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Circle, a US-based startup that intends to make Bitcoin more commonly available, raised $9 million in Series A funding in October.
Founder Jeremy Allaire intends to pull Bitcoin out of the shadows of the digital world — the realms of speculators, hackers, groups like Anonymous, and mail-order pot dealers — and into the mainstream. Funding came from Jim Breyer, of Accel Partners, and General Catalyst Partners.
Said Breyer: “The dramatic global growth in mobile, social and online commerce is creating the need and potential for a real global digital currency. With Jeremy’s vision for Circle and track record as an Internet pioneer, the opportunity here is to potentially build a significant global company.”
The challenge for Circle is to make the digital currency easy for merchants to accept and appealing for consumers to adopt.
On the consumer front, Circle will try to create an infrastructure that will secure transactions and keep user accounts private and safe. Mainstream adoption at the moment is hindered by fluctuating prices and concerns over security.
For businesses, or any institution really, Bitcoin offers a way for customers to make payments with minimal transaction fees, a huge advantage it has over credit card companies.
Allaire is known in tech circles as the founder of Brightcove, an online video platform that went public last year. In a talk he gave in Dublin just after the announced funding, Allaire compared Bitcoin’s current stage of development to the nascent stages of the Internet in the early 1990s.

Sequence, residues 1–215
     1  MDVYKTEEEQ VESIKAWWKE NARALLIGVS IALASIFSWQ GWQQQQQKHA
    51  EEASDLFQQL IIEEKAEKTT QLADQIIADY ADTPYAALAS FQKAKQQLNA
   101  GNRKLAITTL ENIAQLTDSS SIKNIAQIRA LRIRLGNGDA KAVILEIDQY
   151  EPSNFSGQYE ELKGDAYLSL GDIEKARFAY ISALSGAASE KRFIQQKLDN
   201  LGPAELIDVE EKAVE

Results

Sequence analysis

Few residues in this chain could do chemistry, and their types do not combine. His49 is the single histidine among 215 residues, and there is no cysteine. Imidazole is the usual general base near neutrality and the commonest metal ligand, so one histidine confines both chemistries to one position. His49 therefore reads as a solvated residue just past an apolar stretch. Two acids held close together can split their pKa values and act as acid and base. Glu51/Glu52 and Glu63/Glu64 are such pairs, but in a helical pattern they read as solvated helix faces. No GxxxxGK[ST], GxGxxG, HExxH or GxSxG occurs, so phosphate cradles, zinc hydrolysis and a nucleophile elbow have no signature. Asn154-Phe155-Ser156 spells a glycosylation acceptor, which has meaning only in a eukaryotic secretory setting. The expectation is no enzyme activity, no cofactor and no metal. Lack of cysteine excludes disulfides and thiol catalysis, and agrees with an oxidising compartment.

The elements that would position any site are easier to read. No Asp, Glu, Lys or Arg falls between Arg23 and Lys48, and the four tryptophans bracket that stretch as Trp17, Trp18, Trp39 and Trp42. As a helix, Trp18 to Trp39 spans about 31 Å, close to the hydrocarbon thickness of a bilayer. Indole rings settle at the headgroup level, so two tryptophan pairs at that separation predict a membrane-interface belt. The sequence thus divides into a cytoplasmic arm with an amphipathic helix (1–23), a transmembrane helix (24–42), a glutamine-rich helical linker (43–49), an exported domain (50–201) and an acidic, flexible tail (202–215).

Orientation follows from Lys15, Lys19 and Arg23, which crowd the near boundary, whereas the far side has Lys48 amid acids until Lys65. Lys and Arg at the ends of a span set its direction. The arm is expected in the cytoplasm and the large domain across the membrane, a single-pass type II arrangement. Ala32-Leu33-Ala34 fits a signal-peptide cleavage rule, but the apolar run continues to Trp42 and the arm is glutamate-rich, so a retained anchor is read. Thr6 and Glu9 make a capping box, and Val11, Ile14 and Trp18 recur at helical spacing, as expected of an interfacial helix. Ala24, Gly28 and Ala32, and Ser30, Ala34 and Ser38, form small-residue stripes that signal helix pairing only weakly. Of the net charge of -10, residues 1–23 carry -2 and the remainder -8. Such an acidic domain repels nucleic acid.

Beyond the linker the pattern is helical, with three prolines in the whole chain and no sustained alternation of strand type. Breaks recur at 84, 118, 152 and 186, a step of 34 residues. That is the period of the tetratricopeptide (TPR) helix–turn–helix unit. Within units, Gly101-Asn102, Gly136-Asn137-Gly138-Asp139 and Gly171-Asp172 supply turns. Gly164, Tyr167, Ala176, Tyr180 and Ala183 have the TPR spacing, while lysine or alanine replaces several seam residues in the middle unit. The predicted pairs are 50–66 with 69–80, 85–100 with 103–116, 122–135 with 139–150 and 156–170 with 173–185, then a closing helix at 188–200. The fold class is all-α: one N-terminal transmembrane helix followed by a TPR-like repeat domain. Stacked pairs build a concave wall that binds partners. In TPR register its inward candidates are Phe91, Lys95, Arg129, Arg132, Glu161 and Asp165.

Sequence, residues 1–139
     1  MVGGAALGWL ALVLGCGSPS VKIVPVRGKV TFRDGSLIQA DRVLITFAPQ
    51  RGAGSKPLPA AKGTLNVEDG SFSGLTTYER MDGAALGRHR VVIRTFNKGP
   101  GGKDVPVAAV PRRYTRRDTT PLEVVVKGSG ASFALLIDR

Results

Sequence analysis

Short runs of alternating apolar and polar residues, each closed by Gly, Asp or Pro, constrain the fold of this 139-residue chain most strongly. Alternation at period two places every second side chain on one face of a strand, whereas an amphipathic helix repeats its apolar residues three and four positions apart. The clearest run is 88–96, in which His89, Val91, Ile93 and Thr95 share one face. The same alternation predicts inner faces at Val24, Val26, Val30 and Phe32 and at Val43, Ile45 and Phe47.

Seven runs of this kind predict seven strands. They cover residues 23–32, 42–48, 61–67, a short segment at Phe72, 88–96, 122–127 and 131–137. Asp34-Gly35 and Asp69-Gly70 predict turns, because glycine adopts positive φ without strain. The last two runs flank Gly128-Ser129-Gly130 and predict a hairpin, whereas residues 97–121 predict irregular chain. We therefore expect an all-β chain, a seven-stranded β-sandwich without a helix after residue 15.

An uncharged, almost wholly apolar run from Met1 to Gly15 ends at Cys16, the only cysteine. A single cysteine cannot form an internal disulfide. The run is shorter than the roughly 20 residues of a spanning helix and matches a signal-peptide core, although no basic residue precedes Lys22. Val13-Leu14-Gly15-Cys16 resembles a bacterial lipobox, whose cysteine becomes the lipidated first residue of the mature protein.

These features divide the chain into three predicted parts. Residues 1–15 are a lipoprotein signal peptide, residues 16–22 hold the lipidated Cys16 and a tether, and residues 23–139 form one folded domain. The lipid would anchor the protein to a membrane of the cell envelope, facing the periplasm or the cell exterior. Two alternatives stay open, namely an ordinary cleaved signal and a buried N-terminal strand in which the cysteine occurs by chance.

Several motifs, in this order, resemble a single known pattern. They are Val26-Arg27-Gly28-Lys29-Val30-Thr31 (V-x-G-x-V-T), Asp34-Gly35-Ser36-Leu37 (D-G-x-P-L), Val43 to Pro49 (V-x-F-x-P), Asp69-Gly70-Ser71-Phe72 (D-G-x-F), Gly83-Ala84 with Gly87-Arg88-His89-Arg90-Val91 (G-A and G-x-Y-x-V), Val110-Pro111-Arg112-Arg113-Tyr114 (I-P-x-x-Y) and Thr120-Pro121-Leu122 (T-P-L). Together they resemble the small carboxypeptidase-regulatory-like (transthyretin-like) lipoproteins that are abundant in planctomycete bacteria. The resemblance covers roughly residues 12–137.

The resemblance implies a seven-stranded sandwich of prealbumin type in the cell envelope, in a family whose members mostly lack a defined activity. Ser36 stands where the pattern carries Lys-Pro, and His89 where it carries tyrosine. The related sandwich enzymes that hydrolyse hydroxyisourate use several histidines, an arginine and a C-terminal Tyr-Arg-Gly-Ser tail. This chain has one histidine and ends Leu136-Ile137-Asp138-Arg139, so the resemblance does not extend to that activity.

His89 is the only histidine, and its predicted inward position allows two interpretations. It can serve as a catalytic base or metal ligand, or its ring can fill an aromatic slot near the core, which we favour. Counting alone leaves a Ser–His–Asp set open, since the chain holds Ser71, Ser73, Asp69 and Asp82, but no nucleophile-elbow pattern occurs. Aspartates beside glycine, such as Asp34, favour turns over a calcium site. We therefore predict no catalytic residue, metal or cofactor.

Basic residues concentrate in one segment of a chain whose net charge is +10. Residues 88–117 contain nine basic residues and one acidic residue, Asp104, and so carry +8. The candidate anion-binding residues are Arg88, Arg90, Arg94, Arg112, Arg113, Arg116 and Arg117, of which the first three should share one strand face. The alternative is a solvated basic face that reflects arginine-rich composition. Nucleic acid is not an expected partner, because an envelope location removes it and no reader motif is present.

The opportunity to shape the future of global commerce is at the heart of Circle, he has said. The key is adoption and making payments easier, secure and cheaper. Investors are betting that Bitcoin can do this.
Governments are also interested in Bitcoin, and Allaire has said his startup will follow all state rules and is regulated by the US Financial Crimes Enforcement Network.
Still, after the FBI raid on the Silk Road, an unregulated online marketplace accessible to internet users on the TOR network, popular adoption of Bitcoin will be fraught with obstacles and, likely, government regulation.
Of course, deregulation was the whole point for some early adopters of the digital currency, and there has been pushback from the core community regarding a move to the mainstream.
In fact, some in that community have taken to raising funds of their own for a project called Dark Wallet, a browser extension that will be designed to make transactions untraceable and thus illegible to governments anywhere in the world. On the project’s IndieGogo crowdfunding page, 63.25 Bitcoins, or about $41,500 at current rates, has been raised toward the creators’ goal of $50,000.
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